Nortel Insider – by Desk Jockey

The view from one Desk Jockey

Denial

with 3 comments

zafirovski_denialIn the Kübler-Ross model, denial is the first phase that most people go through when faced with a tragedy.  Initially created to describe the behavior of patients diagnosed with a terminal illness, it has since been applied to explain people’s actions in the face of any great emotional strife.

This model can be used to explain much of the behavior of current Nortel employees, ourselves included, in the face of the current crisis and most recent news.  The five phases of Kübler-Ross model are as follows:

  • Denial
    Example: “Nortel won’t go bankrupt!  The management has continually reiterated this to employees and shareholders!”
  • Anger
    Example: “I made financial plans thinking Nortel was good for at least another 1-2 years… what am I going to do? How am I going to provide for my family? Why was I lied to?”
  • Bargaining
    Example: “I’m just working so that at some point I can collect the severance and pension that I deserve.” 
  • Depression
    Example: “Honey, I don’t want you get upset, but they laid me off today… yeah, I don’t get any severance and much of my pension is really a question mark at this point… at this point I just don’t want to have anything to do with this company.”
  • Acceptance
    Example: “Nortel was the company I started with and they had a great legacy.  But that doesn’t mean I have to stay attached to it; there are plenty of opportunities for a hard working person such as myself.” 

To be precise, different people deal with tragedy in different ways.  Some might spend less time in one stage (or even skip over it completely) on their path to recovery.  But it seems that many are in the denial stage right now.  We know what this feels like.

Initially, we were hopeful that the current executive team would be able to lead us through the crisis.  After all, they seemed sincere enough, and determined just as much as any employee to set things right.  But as time went on, and news began to leak out, it became obvious that their actions were far different from their words.  At this point, “Denial” was no longer an option for the rational thinkers out there.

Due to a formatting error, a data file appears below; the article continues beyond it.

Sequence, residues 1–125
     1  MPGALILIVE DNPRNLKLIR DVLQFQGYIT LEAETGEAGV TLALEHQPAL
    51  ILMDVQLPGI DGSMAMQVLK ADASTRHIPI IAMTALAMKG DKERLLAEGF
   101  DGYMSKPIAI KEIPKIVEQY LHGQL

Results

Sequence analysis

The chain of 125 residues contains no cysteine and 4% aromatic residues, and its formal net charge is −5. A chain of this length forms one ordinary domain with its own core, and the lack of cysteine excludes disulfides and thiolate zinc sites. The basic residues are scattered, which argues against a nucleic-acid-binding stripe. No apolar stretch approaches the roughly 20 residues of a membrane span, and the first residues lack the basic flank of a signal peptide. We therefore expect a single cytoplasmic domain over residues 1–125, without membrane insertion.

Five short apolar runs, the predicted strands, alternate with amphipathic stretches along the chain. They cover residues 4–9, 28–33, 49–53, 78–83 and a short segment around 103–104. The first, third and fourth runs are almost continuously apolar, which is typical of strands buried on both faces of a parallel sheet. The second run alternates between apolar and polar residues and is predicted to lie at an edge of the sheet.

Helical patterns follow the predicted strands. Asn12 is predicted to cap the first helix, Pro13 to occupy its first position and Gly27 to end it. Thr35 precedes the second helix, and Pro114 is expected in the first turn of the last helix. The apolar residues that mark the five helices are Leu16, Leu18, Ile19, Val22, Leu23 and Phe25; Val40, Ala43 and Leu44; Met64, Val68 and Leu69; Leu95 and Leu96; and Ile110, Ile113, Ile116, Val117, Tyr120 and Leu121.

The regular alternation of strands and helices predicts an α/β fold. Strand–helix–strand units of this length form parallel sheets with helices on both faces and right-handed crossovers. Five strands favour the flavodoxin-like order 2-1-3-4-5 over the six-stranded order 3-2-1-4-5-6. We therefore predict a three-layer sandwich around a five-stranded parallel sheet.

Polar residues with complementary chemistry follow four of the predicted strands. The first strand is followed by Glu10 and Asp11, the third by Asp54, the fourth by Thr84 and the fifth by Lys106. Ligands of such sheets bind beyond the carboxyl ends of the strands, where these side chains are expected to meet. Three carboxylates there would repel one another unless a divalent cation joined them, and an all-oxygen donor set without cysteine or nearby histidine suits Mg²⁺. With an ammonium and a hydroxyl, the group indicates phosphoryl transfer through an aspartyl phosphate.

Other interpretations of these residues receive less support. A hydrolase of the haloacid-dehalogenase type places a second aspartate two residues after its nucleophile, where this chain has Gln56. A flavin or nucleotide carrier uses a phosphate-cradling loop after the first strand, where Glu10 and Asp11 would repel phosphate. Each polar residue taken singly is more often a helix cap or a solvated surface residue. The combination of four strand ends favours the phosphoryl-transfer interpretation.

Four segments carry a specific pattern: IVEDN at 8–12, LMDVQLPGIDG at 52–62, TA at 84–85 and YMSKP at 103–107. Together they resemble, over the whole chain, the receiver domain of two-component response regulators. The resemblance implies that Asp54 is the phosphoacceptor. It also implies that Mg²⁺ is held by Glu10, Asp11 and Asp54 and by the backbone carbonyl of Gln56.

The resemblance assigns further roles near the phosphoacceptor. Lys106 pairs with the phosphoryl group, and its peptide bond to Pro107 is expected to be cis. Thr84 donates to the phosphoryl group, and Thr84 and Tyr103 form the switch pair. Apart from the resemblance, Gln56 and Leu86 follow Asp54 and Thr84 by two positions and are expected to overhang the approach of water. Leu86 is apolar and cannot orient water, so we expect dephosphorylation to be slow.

With the developments of the past week, we find it difficult to understand how some can persist with this denial phase, both inside and outside of Nortel. Take, for example, this comment on AAN:

With $2.6 Billion is cash, they can easily afford the interest payment. The bankruptcy statements are pure speculation.” – User TongueInCheek, 2 days before the BK filing.

Even after this claim was proven wrong with the filing of bankruptcy protection by Nortel, this user continued their pattern of denial, with this comment:

Will employees even get paychecks anymore? Why would you make such a disgusting and ignorant comment?” – User TongueInCheek, deriding another commenter for daring to ask if employee paychecks would be disrupted by the bankruptcy.

Unfortunately, this claim was again proven wrong when Nortel failed to deliver paychecks to US employees on time, the very next day after this comment was made.  Here, we have demonstrated a clear pattern of denial, even in the face of evidence to the contrary.  Yet this person persists in their line of thinking.  Why?